The True Cost

Over the summer break of 2016/2017 and doing a mid seasonal wardrobe edit and checking the ware and tare of individual items. It became obvious, which groups of items were not lasting the distance. The items that were standing the test of time, were from quality brands, that I had saved for and purchased new or had bought second hand. There was no denying the fact that the few items that I had purchased from fast fashion stores, were not the well shopped bargains that I initially thought they were. The penny was finally dropping, fast fashion will always cost you more in the long run.

Wanting to make changes, but still not sure which brands were manufacturing their items ethically. I took to good old google to find some answers.

baptist world aid australia logo

Baptist World Aid Australia, has a very user friendly website, that provides a wealth of information about the brands that are commonly purchased from. Each year since the Rana Plaza disaster, they publish The Truth Behind The Barcode, an in depth report into the ethical and environmental practices of brands. In reading the report I was surprised to uncover that some of what I would call higher end brands were not as ethically minded as I would have thought they would be.

Good On You, is an app that can be downloaded to your phone and enables you to type in the names of brands you love and find out the ethical and environmental rankings of their manufacturing. There is also a weekly newsletter that comes with your free subscription that offers information on the ethical status of a wide variety of consumer products.

good on you banner
Good on You App

Fashion Revolution is a global network that has set out to support manufactures and consumers to make positive changes within the fashion industry. Their aim is to empower rather than shame people into making changes.  On the first anniversary of the Rana Plaza disaster, Fashion Revolution day was launched with a campaign to bring transparency to the fashion industry. In 2016, this evolved into Fashion Revolution Week. launching a media campaign, urging consumers to have conversations with the brands that they purchase from. About where and how their clothes are manufactured. Seeing #WhoMadeMyClothes & #IMadeYourClothes continually posted into my Instagram feed over that week has really worked on me, and from the start of May this year am committed to making life long changes about the purchase of clothing.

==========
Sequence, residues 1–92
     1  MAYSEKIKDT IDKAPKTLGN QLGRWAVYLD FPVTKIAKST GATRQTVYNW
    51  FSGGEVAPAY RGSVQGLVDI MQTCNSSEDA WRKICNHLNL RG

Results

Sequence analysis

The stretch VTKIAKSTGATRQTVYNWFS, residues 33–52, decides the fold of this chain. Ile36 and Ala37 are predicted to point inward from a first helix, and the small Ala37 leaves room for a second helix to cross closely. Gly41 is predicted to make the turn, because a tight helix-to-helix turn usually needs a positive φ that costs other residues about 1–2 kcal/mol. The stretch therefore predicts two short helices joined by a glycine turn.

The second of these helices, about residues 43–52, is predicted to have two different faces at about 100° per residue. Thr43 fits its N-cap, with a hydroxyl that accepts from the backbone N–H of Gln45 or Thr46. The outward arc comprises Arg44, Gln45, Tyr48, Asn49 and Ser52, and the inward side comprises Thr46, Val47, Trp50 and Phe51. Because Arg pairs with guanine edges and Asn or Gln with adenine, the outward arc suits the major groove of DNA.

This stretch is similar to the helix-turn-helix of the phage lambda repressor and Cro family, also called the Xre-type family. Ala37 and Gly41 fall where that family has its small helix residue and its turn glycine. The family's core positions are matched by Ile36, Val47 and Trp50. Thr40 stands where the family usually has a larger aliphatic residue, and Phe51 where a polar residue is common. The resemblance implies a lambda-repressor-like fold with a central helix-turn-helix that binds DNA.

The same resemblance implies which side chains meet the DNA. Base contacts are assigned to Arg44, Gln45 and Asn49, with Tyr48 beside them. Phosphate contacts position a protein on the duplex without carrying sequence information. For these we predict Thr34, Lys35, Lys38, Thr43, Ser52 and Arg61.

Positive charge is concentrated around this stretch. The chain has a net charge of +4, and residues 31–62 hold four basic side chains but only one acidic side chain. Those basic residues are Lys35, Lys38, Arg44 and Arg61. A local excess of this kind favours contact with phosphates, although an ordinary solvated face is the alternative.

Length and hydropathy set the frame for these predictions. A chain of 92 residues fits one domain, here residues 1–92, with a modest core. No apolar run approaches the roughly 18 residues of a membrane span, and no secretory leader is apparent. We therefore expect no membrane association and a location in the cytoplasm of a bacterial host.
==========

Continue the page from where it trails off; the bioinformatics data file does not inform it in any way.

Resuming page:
The way that I embrace fashion has now come full circle and I’m going back to the ways of purchasing clothes that I was brought up with. When I was growing up in Auckland, there was not much choice when it came to buying brand new. However, what there was, was of high quality and able to be shared around after it had been grown out of. Like many of her generation, my mum was a sewer and made many of our clothes. I can still remember the excitement of a trip into the city to choose buttons and fabrics for a much wanted item. I also have fond memories of foraging through the local Baptist Church Charity shop for treasures to add to my cherished collection of clothes. An old way of doing things has now become fashionable again and been termed Slow Fashion. I’m all about knowing my own style, purchasing better quality items that will last the distance and can be easily repaired if needed. There will be time spent foraging for quality second hand items and getting to know brands before purchasing from them. There will not be a sudden overnight dumping of the items in my wardrobe that are fast fashion. This is going to be a gradual process, and will take place as items from my existing wardrobe are replaced.